“We’ve always said the Left will stop at nothing to attack Sen. McConnell, but Nixonian tactics to bug campaign headquarters is above and beyond,” McConnell campaign manager Jesse Benton said in a statement.
He added: “Senator McConnell’s campaign is working with the FBI and has notified the local U.S. attorney in Louisville, per FBI request, about these recordings. Obviously a recording device of some kind was placed in Senator McConnell’s campaign office without consent. By whom and how that was accomplished presumably will be the subject of a criminal investigation.” (Read the rest of the article here.)
At The Fix, Chris Cillizza writes that the taped discussion about Alison Lundergan Grimes, a potential candidate, is more interesting than the remarks about Judd.
McConnell doesn’t have much on Grimes. Attacking her as a tool of President Obama might do some damage but as we’ve seen in recent years — Jon Tester in Montana, Heidi Heitkamp in North Dakota — simply linking a Democrat in a conservative state to Obama isn’t a foolproof strategy for victory.
McConnell avoided questions about the contents of the tape this afternoon, “repeatedly accusing the ‘political left’ of ‘Nixonian tactics,’ ” Rachel Weiner writes.
Greg Sargent notes that it is not clear whether the FBI is taking seriously the campaign’s assertion the recording is the result of a bugging and not a leak:
An FBI spokesperson, Jenny Shearer, declined to confirm or deny that the request had been made of the FBI. Typically, in such situations, the agency won’t specify who made such a request, whether it was made, or how seriously it’s being taken. Theoretically, then, a campaign can ask the FBI to investigate in such a situation, and then leak to the press that such a request has been made.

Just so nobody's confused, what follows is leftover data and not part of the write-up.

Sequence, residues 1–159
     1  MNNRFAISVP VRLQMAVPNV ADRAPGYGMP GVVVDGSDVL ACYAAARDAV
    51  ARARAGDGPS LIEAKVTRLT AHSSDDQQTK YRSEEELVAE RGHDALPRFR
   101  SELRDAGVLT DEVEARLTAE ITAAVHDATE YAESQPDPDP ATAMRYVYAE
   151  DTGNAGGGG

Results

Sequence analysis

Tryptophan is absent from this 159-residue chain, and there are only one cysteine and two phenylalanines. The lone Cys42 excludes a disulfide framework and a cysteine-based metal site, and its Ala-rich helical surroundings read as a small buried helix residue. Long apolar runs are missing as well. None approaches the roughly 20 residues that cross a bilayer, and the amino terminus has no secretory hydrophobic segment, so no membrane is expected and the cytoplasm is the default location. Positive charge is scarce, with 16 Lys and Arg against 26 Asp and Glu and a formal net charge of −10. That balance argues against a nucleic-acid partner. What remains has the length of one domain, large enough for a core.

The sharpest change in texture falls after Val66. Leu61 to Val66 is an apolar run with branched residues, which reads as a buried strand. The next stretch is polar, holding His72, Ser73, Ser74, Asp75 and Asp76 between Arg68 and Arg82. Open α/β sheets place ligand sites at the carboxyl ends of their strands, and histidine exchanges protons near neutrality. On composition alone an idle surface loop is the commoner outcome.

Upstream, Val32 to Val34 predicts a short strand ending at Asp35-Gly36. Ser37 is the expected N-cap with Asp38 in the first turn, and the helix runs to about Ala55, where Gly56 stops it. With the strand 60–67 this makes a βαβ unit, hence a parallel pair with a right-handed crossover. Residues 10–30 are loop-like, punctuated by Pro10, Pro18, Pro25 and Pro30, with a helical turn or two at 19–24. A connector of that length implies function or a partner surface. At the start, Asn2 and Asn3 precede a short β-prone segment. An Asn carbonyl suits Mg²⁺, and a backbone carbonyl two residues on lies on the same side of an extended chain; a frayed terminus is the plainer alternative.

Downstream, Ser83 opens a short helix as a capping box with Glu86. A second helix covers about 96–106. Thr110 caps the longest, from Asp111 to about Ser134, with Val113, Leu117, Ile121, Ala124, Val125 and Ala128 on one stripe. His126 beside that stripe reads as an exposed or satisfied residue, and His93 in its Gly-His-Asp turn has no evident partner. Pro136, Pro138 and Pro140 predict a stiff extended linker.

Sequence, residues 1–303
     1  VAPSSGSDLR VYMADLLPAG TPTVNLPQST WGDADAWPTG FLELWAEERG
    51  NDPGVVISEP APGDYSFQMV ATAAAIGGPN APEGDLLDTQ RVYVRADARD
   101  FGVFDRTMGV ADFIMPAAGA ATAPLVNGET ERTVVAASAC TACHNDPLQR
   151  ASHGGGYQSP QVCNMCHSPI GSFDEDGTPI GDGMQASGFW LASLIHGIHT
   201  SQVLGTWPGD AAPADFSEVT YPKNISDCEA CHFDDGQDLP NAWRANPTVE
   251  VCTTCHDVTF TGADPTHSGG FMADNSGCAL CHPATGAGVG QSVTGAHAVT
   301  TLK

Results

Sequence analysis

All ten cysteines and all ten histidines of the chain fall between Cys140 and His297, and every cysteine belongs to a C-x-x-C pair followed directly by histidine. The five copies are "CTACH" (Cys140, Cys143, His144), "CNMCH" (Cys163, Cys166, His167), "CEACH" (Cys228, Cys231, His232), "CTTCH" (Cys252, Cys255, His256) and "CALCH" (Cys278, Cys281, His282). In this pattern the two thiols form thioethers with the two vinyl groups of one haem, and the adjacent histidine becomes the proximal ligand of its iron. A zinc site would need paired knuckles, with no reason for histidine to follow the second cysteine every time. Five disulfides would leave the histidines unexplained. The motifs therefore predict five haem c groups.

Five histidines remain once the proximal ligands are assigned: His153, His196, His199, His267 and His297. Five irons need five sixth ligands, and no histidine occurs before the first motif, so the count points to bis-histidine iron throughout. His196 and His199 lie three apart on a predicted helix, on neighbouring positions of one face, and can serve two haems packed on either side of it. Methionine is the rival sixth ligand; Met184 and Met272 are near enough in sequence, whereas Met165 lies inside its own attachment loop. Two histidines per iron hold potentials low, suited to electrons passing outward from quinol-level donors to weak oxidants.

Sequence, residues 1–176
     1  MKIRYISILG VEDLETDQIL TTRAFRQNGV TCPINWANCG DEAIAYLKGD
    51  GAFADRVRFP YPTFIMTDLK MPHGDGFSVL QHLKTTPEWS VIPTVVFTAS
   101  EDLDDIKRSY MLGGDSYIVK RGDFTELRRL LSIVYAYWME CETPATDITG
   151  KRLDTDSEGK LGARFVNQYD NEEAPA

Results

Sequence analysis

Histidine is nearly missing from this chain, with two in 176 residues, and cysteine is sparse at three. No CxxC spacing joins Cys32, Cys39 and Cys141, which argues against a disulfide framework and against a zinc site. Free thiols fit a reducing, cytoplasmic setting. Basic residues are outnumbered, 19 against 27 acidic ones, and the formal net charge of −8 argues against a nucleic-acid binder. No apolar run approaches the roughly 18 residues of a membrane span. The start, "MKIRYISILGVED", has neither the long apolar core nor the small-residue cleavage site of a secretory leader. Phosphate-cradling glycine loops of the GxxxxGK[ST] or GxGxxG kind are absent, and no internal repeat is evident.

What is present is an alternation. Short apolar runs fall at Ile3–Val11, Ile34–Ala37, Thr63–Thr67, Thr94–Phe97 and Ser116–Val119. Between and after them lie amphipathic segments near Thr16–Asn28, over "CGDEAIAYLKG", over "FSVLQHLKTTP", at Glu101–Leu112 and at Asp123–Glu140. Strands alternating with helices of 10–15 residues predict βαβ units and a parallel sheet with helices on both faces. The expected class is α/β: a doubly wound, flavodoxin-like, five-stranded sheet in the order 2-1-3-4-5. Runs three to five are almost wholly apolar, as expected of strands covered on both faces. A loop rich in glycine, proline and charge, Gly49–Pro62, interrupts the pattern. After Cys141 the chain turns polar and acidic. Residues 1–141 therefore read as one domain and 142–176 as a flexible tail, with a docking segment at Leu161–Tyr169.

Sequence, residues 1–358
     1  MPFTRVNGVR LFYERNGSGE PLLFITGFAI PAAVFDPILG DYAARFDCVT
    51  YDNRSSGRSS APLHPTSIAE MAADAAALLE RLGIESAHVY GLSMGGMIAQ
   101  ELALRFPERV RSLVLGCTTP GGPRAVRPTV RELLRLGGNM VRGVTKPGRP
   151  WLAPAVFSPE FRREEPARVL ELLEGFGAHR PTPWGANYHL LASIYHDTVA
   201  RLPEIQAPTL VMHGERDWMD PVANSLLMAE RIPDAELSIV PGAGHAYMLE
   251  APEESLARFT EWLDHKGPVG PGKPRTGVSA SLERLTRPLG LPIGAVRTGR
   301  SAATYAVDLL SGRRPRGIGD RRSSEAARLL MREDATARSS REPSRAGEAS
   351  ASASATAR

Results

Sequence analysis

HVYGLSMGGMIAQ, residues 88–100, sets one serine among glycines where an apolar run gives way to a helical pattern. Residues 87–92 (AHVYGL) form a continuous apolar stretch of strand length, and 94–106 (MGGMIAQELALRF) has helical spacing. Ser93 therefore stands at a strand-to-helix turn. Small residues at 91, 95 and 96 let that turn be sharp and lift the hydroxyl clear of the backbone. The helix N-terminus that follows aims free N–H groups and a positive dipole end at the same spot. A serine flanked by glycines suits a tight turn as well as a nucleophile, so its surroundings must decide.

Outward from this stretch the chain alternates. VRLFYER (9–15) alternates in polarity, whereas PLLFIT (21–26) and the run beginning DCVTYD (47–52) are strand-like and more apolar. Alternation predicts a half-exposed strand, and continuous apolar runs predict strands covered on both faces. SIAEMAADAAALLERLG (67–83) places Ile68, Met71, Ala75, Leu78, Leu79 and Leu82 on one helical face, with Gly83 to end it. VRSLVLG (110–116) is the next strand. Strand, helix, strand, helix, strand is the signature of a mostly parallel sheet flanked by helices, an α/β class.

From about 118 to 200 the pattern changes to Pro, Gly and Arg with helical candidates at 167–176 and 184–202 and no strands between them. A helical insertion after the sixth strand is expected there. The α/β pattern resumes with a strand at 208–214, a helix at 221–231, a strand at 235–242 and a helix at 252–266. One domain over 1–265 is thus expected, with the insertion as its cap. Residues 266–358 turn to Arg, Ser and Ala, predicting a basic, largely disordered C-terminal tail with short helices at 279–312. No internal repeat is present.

Even if the tape was the result of a covert bug, Erik Wemple notes that as long as Mother Jones wasn’t directly involved, the magazine is legally protected:
Let’s just roll with the bug scenario. For the sake of some legal entertainment, suppose that someone, in the wee hours of Feb. 2, broke into this secure location via ductwork, expertly fiddled with ceiling tiles and planted a pea-size device in one of the room’s grommets . . .
Clay Calvert, a University of Florida law professor and frequent commentator on this blog, puts the rule this way: “If the news media lawfully obtain truthful information about a matter of public significance, then the government may not constitutionally punish publication of the information, absent an interest of the highest order.” . . .
Yes, reporters, you may accept clandestine recordings from law-breaking scumbags. Just don’t help them do their work. (Read his complete analysis of the legal issues here.)